Over the weekend, I finally bit the bullet and purchased my first motorcycle – a 2016 Indian Scout Sixty. With a price tag of less than $10,000, I am exactly the type of rider that Indian was hoping to attract with this new motorcycle: new riders who are looking for a reasonably priced cruiser to start their cycling journey.
Prior to purchasing this bike, I read dozens of reviews, and watched a ton of test-drives on YouTube. Everything that I read & watched seemed pretty positive, but my one complaint was that all of the reviews were by experienced riders, who have owned or ridden plenty of bikes before. There wasn’t a whole lot out there from the perspective of a new rider, where this bike was their first. So – in the absence of other reviews like this, I decided to create one.
To give you a bit of background about myself, I am a brand new rider who, at the time of writing, got his motorcycle license about a week and a half ago, after completing the Motorcycle Safety Course for beginner riders. During this course, I was given a Suzuki TU250X to ride, which is a small cruiser-style motorcycle. A fun little bike for sure, albeit a bit uncomfortable to sit on for long periods of time. Prior to this, I had absolutely no riding experience apart from being able to ride a bicycle. The only real exposure I had to riding on a motorcycle was two occasions, many years prior, where I was a passenger. So when I say that I am a beginner rider, I really am in every sense of the word.
As a side rant – many people will probably shake their head and call me foolish for buying a brand new bike, as a beginning rider. The conventional advice is, buy an older, used bike to learn on – then, when you become comfortable on the bike, you can upgrade to something newer. While I don’t deny that is probably wise advice, for me personally, I figured I would rather just have the bike I actually want, and risk having to spend money on repairs, as opposed to blowing money up front on a bike that I didn’t want, and will probably have a hard time getting rid of (particularly if I end up laying it down or crashing it). Beyond that – I also have to say that at the end of the day, it’s just a bike. Yes, of course I want to keep it nice, and will do everything in my power to do so. But – I am not the type of person who lets the things I own, own me. If it gets scratched, or dented – does that really matter in the grand scheme of things? A bike can be replaced. It certainly is not worth letting it ruin the quality of my life.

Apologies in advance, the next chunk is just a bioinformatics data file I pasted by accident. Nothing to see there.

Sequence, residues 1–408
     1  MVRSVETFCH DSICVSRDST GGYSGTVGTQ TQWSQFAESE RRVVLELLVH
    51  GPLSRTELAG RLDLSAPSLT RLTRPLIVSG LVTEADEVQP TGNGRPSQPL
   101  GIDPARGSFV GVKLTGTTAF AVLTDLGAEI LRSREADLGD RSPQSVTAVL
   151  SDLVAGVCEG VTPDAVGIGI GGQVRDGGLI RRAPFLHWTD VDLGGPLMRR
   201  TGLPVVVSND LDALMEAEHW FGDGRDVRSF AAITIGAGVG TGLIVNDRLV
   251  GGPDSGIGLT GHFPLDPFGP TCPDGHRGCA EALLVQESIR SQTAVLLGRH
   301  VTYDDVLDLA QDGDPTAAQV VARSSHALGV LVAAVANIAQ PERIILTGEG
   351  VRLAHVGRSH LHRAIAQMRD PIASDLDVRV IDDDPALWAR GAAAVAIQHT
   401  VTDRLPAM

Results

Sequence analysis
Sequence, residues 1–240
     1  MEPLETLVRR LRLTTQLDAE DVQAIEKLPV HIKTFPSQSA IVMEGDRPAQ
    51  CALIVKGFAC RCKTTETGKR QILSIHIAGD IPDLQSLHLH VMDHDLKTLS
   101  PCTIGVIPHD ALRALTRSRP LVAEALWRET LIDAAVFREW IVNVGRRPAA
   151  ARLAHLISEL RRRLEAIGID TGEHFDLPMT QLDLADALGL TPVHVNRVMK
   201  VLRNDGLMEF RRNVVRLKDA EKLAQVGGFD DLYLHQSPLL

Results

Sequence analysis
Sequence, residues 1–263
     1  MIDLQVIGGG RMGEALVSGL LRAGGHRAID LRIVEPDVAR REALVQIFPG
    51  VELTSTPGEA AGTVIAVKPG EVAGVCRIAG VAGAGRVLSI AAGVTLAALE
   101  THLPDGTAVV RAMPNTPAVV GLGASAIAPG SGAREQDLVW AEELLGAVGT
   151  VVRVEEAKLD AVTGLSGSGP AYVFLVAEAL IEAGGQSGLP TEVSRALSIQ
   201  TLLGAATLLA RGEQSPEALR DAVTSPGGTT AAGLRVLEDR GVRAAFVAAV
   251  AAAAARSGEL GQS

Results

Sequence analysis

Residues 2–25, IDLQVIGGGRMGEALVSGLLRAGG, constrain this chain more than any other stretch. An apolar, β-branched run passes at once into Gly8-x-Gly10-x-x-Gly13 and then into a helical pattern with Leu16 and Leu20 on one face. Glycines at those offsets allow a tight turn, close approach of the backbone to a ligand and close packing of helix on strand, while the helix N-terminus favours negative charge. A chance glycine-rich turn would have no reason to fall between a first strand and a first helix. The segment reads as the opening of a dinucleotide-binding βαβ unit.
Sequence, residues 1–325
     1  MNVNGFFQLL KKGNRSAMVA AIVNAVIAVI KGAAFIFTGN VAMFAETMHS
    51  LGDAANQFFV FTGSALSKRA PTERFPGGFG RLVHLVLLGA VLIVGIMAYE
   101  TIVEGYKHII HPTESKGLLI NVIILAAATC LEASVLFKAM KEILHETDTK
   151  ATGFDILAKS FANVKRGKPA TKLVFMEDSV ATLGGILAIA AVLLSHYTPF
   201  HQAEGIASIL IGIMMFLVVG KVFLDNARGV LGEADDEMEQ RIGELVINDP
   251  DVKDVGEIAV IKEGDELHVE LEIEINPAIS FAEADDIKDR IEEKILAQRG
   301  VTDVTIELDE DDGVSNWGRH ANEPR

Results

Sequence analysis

I also feel like I should say a few more things to my credit.
1.) I live in a very rural area (a town where the population is ~2,000), so traffic is certainly nowhere near as bad as in a city.
2.) Even though I am new to cycling, at the very least, I am old enough to make wiser decisions than many riders who are in their teens or 20’s.
3.) I am, without question, a very cautious driver, who has nearly a perfect track record of good driving. No speeding tickets, no accidents, and no deer (which living in central PA, is truly a feat to be commended).
4.) I generally have very quick reaction time, and am good at thinking on my feet.
5.) I actually put into practice the skills you learn in drivers safety courses.
6.) I really have no desire for speed, thrills, or to be a dare-devil. For me, riding a motorcycle is purely about enjoying the ride at a leisurely pace.
I know many of those things probably sound disgraceful to other motorcyclists out there – but, these are the things that I am confident are going to keep me safe, and alive. So – bash me if you must – but – I am looking to be the exception to the phrase “It’s not a matter of if you’ll crash, but when.”
So, with that out of the way, let’s get into the review. I’ll start out with the good.